CA High Speed Rail Authority
How "green" California's bullet train is depends in part on how electricity for it is being produced.
But before the electrically powered trains start cleaning up California’s air, they have to make it dirtier. That’s because the construction generates pollution. “We calculated after ground breaking, so the net benefits come at best 10 years after the system starts running,” said Mikhail Chester, a professor at Arizona State and a study author.
And some of that depends on how quickly people switch from driving and flying to using the train, he added. According to the study, entitled “High-speed rail with emerging automobiles and aircraft can reduce environmental impacts in California’s future,” 67% of the construction pollution for HSR comes from making cement. “But construction is a one-time cost…the benefits continue for the life of the system,” he said. Continue reading
Researchers at CSU have teamed up with NASA to test water-saving technology on California crops
Watering fields in the Sacramento Valley: traditional irrigation methods have required a lot of guess-work.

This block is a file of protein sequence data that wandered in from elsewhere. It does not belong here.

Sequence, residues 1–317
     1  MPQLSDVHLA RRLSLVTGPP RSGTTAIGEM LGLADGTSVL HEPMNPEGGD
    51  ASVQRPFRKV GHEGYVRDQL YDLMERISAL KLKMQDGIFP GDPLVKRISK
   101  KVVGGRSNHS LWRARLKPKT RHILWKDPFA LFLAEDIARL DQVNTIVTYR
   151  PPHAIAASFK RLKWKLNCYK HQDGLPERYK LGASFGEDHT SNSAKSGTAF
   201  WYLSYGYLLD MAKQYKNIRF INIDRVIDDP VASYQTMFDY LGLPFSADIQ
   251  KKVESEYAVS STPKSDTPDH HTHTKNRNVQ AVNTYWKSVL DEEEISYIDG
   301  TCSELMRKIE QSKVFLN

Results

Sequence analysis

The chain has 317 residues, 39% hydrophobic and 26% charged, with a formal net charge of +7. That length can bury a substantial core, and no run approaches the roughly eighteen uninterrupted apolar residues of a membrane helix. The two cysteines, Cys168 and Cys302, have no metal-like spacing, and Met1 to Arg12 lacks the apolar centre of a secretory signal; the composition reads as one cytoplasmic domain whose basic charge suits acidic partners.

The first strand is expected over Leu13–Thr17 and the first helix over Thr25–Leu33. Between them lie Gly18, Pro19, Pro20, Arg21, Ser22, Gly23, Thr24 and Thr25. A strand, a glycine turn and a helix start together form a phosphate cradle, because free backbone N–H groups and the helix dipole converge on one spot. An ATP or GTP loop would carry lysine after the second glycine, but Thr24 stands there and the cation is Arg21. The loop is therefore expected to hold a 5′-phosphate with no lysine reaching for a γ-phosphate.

By Vinnee Tong
Near the Central Valley town of Los Banos, Anthony Pereira opens a tap to send water into the fields at his family’s farm. Pereira grows cotton, alfalfa and tomatoes. And he is constantly deciding how much water is the right amount to use.
“Water savings is always an issue,” he says. “That’s why we’re going drip here on this ranch. We gotta try to save what we can now for the years to come.”
Thanks to some new technology, that might get a little easier. To help farmers like Pereira, engineers at NASA and CSU Monterey Bay are developing an online tool that can estimate how much water a field might need. Here’s how it works: satellites orbiting the earth take high-resolution pictures — so detailed that you can zoom in to a quarter of an acre.
“The satellite data is allowing us to get a measurement of how the crop is developing,” says CSUMB scientist Forrest Melton, the lead researcher on the project. “We’re actually measuring the fraction of the field that’s covered by green, growing vegetation.” Continue reading
Think globally, amp locally?
Most Californians rely on electricity from distant sources.
By Thibault Worth
California’s mandated goal of 33% renewable energy by 2020 may be bold and ambitious. But there’s room to raise the bar still higher, say proponents of local renewable power.
A report commissioned by Governor Jerry Brown last year — and released this week by Berkeley School of Law’s Center for Law, Energy & the Environment (CLEE) — lays out a plan for developing 12,000 Megawatts of renewable power generation close to homes and workplaces by 2020. Continue reading